It’s a small book, but a lot of work went into the research.
Local waterfront resident Terry Boulton has self-published Smuggling on the Lower Niagara River, 1920 to 1933. He chose the specific area and time frame, he says, because although there has been lots written about prohibition, there is little about the impact of it on this area and local residents during those years.
The focus of his book is “how a small Canadian town became embroiled in American prohibition.”
Boulton says he started his research for another book he was writing about his family history as it relates to the fishing industry, wanting to learn more about the family members he could trace back as far as 1840, who owned waterfront property and were commercial fishermen.
Family history is also why he has lived most of his life on the waterfront, and is so comfortable on the water himself.
When he started his research in 2009, he was spending four to five hours a day, day after day, reading local newspapers on microfiche at the St. Catharines Public Library, “an arduous task, to say the least,” says Boulton.
And while doing that, he was becoming more and more distracted by stories that would pop up between the social columns and other local news regarding smuggling on the Niagara River, beginning in the 1920s, and decided that would be a topic for another book. When he realized how much the research was overlapping, as were the two stories in his head, he decided it was time to put the family history on hold — it is a larger story and a longer book — and concentrate on finishing his work on smuggling.
“For such a small book, I had to do a heck of a lot of research,” he says.
He credits the writings of John Field, the first druggist at The Apothecary on Queen Street, Elizabeth Ascher, who wrote for The Standard in the early 1900s, and Joe Masters, who submitted regular columns to the Niagara Advance, for providing “the backbone of the research,” and says he also had help from many others.
He recently had his first printing of 150 copies sell out, and by the time he picked up the next printing of another 80 copies, 60 were spoken for.
Prohibition in the U.S. at that time was a moral issue, says Boulton, backed by suffragettes, and although many Americans did not agree with it, it impacted every facet of society.
While the upper Niagara was heavily involved in smuggling, particularly with the large outlet for alcohol in Buffalo, the lower Niagara was less active because of the current, and also the proximity of the Coast Guard in Youngstown.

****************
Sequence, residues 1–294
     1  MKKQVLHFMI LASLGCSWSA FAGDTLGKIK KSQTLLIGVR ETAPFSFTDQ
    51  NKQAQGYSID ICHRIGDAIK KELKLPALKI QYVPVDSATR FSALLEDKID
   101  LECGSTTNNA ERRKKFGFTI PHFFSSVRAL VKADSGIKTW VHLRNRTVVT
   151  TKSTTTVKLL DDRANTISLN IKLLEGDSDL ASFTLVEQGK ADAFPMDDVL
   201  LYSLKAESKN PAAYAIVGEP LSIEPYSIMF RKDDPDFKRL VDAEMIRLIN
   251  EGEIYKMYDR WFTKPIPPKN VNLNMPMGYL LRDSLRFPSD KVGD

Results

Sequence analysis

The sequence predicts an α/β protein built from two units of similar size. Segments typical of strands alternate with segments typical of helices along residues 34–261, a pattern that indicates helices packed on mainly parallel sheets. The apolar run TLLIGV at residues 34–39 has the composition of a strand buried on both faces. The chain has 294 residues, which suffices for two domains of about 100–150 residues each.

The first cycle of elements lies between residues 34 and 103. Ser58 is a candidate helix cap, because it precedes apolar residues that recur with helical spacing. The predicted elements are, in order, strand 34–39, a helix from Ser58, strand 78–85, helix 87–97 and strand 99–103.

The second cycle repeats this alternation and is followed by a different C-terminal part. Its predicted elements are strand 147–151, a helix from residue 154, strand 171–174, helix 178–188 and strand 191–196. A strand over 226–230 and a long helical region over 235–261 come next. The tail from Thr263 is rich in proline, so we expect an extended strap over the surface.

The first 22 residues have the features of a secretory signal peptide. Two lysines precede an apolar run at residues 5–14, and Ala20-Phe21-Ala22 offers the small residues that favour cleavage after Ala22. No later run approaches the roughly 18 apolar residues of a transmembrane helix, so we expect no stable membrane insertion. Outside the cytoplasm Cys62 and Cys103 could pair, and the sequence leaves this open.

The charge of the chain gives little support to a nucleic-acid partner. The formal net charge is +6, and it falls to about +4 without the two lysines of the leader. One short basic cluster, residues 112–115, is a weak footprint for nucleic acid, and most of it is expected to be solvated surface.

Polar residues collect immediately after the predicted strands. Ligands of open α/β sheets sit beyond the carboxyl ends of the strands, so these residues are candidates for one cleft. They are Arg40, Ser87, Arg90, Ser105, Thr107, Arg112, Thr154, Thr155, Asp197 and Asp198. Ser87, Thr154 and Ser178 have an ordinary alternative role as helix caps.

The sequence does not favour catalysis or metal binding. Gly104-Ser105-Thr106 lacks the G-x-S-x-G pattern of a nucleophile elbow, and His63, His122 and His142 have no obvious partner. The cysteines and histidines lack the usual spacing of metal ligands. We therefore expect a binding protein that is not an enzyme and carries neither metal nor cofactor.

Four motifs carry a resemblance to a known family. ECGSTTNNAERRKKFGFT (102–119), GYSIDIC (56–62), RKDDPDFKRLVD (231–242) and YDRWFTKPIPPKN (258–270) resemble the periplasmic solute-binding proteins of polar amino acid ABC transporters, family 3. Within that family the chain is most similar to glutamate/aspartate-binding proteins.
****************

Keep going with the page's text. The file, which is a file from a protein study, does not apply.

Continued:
Boulton had to rely on anecdotal accounts from local newspaper articles about “rum-running” episodes, some tragic, some humorous, to paint a picture of a colourful time in Niagara-on-the-Lake history that isn’t well-known.
Although there had been times in our history when governments tried to control alcohol on this side of the border, these efforts were unpopular, so that bootleggers and rum-runners were not typically disparaged — going by the anecdotal evidence he found, locals were pretty tolerant. Smugglers, he says, were usually recruited from the dock area, and commercial fishermen were particularly sought out as participants — they had the necessary skills and knowledge of boats and the river.
He found one newspaper article of the day that said at least 19 local fishing boats were employed in the practice of smuggling part-time, and he came across information that Smuggler’s Cove, now the site of a boat club, a gravel pit near Paradise Grove and even Chautauqua near the rifle range were used as suitable spots for loading boats, while locals either helped out or turned a blind eye. Farmers, Boulton discovered, were agreeable, for a price, to storing alcohol on their premises until it could be picked up for a trip across the river.
Local historian Jim Smith, who provided some photos for the book, told Boulton a story of his father, Lesley Smith, as a young boy, walking along the bank by the NOTL Golf Club, and seeing a boat, owned by someone well-known in the community, running low in the water, covered by a tarp. His father believed booze was
being smuggled, said Smith. “My dad was the last person to see him alive, as he completely disappeared.”
Did locals get rich participating in rum-running? Boulton says at least three businessmen in town were reported to have made their fortune through smuggling, during a time when the risk seemed very little.However, as American vigilance on the river was stepped up, it became more difficult and dangerous.
And finally, when the Canadian government prohibited the export of liquor, under an agreement with the U.S., smuggling activity wound down on the Niagara River.
Boulton retells colourful stories the way they were told originally, every quote written as he came across it in his research, and each one documented. It’s a local story of the people, the waterfront, and a different way to look at the history of fishermen in the area, including some with family names we might recognize — some he had permission to use, and others he didn’t name — until the coast guard began coming down hard on those they caught.
In a town rich with history that has been told and retold, mostly from 1812 on, Boulton’s is not a story that’s been told before.
A couple of copies of his book can be found at the NOTL Public Library — chief librarian Cathy Smith has cataloged them under social science as well as history — at the NOTL Museum, and some other outlets around town, including the Scottish Loft on Queen Street, and the Gretzky and Peller wineries.
Boulton is selling them for $10. If anyone is interested, call him at 905-468-3765, or email him at email@example.com.